This month we celebrate the coming of spring. But, this year, to paraphrase Lewis Carroll, we can’t have spring because we haven’t had winter yet. Even so, the march of the seasons progresses. This week we celebrate Imbolc, or Oibelc (pronounce it Groundhog Day). The mythology surrounding this day is rich in story and symbolism, but is known widely by the behavior of a rodent, who was originally a Roman hedgehog.
As fate or coincidence would have it, much of what we are doing in our Society is in line with the celebration of this ancient holiday. Of course, the ancient meanings have been thoroughly Christianized. It’s far beyond me to surmise the origins of this day, thought by some to be the first day of spring or the first day of the New Year. Some cultures, like the Chinese, still do celebrate the New Year around this time.
It is also Brigit’s Day in Ireland. Brigit is the Goddess of fire, the hearth, brides, birthing and healing. Those of us who have raised livestock know that this is the beginning of lambing season, following the ewe’s having spent time with the ram in the fall.
According to the tradition that was passed down to me, Oibelc (honestly, pronouncing Welsh words is beyond me!) or Groundhog Day is a time to throw out last year’s candles and make or light the candles for the next year. So, how does this relate with what we are doing at AUUS? Well, we are literally throwing out our old hearth/ kitchen, and replacing it with a new one. What better way of starting a new phase of growth and understanding than replacing the hearth/heart of our building.
All of us, members and friends, at this AUUSpicious time are involved. From committing funds and materials, to providing the labor to take out the old and putting in the new, there is something for everyone. When we are done with this hearth/heart renewal, we will be primed for growth in the new season. The dark of winter is ending. We will take our winter’s introspection and see it put into action.
We, as UU’s have so much to contribute to the world and our neighborhoods. This is a festival of lights and life. Let us let our light shine. We are not in competition with anyone, we are everyone who believes in light in this world. Using the light of reason we can work for a better world, accepting that we don’t have the understanding to answer all of life’s questions and allow the mysteries to inspire us.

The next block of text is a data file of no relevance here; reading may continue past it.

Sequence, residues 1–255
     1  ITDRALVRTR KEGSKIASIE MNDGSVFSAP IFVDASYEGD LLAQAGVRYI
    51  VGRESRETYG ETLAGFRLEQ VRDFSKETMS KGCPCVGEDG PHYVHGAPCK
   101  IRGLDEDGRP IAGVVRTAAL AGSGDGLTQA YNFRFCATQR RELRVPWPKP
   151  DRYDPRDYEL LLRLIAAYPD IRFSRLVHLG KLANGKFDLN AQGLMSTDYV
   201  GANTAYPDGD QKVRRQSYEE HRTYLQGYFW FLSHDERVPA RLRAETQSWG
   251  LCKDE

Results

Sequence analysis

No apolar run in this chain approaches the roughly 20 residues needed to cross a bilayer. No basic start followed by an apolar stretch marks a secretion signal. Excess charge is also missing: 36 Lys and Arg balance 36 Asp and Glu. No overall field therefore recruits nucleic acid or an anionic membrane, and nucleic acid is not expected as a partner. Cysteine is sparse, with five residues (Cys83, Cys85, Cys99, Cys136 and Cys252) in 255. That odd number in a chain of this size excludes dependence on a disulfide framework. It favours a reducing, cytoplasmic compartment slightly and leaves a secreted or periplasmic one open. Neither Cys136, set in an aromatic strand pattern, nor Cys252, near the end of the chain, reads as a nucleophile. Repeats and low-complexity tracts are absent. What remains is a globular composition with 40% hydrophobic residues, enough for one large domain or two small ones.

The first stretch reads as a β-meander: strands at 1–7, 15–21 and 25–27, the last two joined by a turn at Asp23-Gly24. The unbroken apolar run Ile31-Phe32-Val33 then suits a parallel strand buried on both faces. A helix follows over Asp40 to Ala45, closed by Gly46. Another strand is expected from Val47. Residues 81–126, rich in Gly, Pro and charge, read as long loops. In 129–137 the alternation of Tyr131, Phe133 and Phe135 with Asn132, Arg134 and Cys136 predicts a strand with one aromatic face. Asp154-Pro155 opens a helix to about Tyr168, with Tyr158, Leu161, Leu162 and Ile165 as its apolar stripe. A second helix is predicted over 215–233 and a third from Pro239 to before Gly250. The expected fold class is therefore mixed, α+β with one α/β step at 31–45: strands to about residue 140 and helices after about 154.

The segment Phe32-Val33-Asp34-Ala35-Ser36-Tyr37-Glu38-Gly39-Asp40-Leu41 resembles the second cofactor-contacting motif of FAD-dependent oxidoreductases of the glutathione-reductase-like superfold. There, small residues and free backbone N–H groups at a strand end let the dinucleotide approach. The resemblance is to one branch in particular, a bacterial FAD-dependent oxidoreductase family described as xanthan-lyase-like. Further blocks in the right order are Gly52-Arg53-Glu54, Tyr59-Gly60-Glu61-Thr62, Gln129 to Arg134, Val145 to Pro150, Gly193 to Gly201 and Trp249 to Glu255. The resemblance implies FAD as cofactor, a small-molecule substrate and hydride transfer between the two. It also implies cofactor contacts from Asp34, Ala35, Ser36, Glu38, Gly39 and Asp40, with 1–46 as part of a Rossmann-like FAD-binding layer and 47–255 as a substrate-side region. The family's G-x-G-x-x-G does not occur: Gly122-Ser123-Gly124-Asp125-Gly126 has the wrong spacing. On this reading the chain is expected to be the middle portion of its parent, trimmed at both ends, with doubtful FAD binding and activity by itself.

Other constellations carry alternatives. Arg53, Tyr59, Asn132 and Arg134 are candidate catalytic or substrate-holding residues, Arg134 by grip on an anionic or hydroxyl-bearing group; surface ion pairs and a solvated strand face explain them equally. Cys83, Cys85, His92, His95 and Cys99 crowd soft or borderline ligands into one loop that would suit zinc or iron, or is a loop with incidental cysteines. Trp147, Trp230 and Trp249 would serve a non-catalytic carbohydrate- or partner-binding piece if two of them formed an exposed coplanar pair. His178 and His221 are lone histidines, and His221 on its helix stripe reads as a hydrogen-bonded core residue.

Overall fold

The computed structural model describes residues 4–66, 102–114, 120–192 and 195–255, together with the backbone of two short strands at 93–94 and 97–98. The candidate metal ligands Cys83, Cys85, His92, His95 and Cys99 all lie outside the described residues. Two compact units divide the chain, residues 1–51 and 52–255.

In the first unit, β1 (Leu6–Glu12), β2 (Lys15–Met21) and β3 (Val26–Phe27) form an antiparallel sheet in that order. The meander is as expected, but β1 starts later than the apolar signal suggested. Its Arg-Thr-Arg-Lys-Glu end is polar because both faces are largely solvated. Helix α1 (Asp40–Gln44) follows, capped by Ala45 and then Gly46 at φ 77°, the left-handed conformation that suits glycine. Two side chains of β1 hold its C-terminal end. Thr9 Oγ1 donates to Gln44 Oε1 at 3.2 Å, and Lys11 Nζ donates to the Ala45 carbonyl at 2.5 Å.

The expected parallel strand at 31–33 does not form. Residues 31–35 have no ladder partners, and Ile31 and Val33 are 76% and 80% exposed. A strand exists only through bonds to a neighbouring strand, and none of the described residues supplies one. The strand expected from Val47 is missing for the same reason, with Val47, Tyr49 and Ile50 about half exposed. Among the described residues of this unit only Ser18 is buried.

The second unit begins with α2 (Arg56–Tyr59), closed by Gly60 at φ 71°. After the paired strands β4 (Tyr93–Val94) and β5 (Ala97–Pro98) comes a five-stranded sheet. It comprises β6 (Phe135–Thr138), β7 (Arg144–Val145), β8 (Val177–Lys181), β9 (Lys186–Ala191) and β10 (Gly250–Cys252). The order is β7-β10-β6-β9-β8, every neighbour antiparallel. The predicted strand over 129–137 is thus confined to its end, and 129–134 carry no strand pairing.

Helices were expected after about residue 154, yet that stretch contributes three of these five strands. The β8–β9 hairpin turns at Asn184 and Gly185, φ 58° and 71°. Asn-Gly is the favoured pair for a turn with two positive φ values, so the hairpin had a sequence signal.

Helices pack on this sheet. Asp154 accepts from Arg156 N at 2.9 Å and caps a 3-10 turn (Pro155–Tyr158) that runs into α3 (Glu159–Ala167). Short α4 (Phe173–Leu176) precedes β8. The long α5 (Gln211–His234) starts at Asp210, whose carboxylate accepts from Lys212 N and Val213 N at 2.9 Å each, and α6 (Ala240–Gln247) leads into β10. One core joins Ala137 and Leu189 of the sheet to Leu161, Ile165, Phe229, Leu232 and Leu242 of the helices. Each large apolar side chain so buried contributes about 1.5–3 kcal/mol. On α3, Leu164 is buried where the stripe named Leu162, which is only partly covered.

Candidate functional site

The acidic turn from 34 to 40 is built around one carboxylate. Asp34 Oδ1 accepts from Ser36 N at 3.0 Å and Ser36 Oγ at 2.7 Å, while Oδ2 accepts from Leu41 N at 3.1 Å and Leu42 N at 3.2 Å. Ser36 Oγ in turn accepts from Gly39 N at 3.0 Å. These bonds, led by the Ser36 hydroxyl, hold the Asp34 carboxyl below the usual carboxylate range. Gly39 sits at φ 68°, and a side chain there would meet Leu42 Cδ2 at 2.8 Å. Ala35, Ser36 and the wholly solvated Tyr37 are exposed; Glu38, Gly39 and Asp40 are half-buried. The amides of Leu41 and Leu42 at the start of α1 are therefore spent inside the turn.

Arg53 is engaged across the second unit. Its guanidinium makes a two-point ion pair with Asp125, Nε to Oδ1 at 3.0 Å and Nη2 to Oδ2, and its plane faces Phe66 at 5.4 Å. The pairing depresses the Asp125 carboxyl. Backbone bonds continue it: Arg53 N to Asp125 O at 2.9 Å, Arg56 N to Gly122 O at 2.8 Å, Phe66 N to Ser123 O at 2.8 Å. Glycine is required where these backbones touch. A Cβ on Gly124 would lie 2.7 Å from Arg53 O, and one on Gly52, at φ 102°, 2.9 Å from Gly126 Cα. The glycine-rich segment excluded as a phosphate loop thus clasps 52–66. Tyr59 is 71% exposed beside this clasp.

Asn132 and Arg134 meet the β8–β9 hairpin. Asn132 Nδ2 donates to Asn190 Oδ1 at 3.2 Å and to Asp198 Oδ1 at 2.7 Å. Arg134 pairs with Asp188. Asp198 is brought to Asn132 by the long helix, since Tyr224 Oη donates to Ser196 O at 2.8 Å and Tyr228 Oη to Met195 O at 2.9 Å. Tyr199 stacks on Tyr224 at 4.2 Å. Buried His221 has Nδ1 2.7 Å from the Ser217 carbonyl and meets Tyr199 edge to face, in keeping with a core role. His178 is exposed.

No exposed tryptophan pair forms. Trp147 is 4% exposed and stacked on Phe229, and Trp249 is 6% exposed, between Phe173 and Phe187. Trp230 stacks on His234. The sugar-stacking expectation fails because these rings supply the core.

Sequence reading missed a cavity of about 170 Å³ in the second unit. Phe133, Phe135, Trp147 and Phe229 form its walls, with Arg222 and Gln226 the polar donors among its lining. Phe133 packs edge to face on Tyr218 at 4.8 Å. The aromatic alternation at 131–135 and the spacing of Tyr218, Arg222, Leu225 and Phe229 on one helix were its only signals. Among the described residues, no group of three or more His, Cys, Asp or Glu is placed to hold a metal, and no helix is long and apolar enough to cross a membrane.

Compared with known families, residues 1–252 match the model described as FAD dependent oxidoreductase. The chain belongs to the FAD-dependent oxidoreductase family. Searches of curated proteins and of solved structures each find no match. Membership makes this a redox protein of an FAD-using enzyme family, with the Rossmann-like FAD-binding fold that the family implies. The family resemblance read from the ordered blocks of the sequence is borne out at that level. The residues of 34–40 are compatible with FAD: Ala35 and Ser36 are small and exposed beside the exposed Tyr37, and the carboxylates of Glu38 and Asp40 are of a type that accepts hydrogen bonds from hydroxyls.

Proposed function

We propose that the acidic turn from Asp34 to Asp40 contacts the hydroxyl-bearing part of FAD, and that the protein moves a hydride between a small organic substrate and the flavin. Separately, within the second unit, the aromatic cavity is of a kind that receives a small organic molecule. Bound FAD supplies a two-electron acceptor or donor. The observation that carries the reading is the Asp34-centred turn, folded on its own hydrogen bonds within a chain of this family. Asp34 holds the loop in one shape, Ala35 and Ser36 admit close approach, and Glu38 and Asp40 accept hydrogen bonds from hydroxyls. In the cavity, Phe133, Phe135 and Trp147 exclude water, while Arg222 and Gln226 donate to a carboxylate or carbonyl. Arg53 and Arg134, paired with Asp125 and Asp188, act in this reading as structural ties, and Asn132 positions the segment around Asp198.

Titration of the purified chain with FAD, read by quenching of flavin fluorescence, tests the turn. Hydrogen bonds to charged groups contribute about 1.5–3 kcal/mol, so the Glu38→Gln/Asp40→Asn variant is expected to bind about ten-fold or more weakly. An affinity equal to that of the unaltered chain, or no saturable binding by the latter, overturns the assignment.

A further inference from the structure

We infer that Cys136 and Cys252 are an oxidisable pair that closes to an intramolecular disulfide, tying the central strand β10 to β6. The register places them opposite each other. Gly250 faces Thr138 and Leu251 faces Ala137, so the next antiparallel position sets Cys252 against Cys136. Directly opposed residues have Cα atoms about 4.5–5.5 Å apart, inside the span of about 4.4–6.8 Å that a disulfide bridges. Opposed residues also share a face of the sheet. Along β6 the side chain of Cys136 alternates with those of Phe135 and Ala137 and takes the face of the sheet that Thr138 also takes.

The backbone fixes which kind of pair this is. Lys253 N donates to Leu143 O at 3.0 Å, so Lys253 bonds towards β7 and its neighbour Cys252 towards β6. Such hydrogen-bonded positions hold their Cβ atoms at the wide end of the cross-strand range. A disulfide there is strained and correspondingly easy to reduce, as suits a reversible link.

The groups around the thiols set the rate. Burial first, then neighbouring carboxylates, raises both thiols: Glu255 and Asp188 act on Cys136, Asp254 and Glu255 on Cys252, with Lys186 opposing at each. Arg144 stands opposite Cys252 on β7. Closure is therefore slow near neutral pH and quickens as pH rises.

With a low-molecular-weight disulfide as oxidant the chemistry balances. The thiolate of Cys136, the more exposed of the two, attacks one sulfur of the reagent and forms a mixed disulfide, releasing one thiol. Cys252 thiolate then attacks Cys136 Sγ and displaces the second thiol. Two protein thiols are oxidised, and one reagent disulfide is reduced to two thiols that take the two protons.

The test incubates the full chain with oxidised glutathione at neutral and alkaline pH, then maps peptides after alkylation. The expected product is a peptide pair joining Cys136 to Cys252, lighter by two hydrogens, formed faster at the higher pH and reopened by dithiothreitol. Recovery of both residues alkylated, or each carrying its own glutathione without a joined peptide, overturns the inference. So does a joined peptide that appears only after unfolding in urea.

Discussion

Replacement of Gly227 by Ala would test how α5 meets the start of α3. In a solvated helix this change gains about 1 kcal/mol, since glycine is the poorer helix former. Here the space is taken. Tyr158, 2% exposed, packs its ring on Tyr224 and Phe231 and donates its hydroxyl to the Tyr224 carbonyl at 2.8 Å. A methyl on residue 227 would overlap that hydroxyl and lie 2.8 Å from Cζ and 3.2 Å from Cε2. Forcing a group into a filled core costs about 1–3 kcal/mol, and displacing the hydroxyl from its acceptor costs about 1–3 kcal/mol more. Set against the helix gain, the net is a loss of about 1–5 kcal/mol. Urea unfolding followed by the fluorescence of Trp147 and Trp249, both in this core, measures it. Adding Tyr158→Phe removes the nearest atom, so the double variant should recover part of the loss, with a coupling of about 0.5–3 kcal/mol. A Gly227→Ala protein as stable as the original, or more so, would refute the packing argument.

As a runner, as well as a man who lost a wife to breast cancer, I wore my “Race for the Cure” shirt with pride. Linda, my late wife, and I ran together from the earliest days of our relationship. So I always felt that I was embodying her spirit. I also felt a sense of connection whenever I would see someone wearing their own Race for the Cure shirt, or a pink ribbon. That time has ended. As many of you have probably heard, the Susan G. Komen Foundation, which popularized the pink ribbon, and raised significant amounts of money from its franchise, decided to stop funding Planned Parenthood, which is the largest provider of women’s health services in the United States. This decision made absolutely no sense. It is absurd as the Defense Department saying it is going to stop doing business with Boeing. The decision was politically motivated, and represents yet another step in the battle to delegitimize Planned Parenthood. The decision has been reversed after a national outcry, highlighted by the news that Planned Parenthood raised more than $3 million within a couple of days, to replace the $700,000 grant that the Komen Foundation intended to end.
There is, I believe, a certain amount of denied misogyny in the battle against Planned Parenthood. As most people know, Planned Parenthood is the largest provider of women’s health services in the United States. Three million women are served by its doctors, nurses, and counselors every year. Many of them turn to Planned Parenthood for screenings and treatment after being turned down for their inability to pay more profit-oriented providers. By their very nature, Planned Parenthood affiliates are also the largest single provider of abortion services. To put this into perspective, 3% of Planned Parenthood’s work is abortion related. The other 97% includes medical services for such things as pap smears, mammograms, sexually transmitted diseases, and contraception counseling.
Breast cancer knows no political boundaries. It affects rich and poor, Republicans and Democrats, alike. The person responsible for this policy seems to be Karen Handel, a failed Republican candidate for Governor of Georgia in 2010. Handel trumpeted her opposition to reproductive rights, as well as her embrace of photo ID voter laws, which have been used to suppress voter turnout. The Komen Foundation probably made a fatal mistake in hiring her. I hope that they are now wise enough to recognize their mistake and fire her before she does further damage.
Those of us whose lives have been torn apart by breast cancer have seen the search for a cure as nonpartisan: we want to support as many people as possible who are either, living with breast cancer, treating people with it, or doing research to find a cure. Many of us already support Planned Parenthood, and will continue doing so.
There are plenty of races to enter. The Race for the Cure brought many of us together in shared purpose, particularly as we watched women in “survivor shirts” or wearing hats and scarves because of hair loss due to chemotherapy. It remains to be seen what the effects of this debacle will be. Certainly, many of us will think twice before raising funds for Komen, when there are other ways of donating to the cause.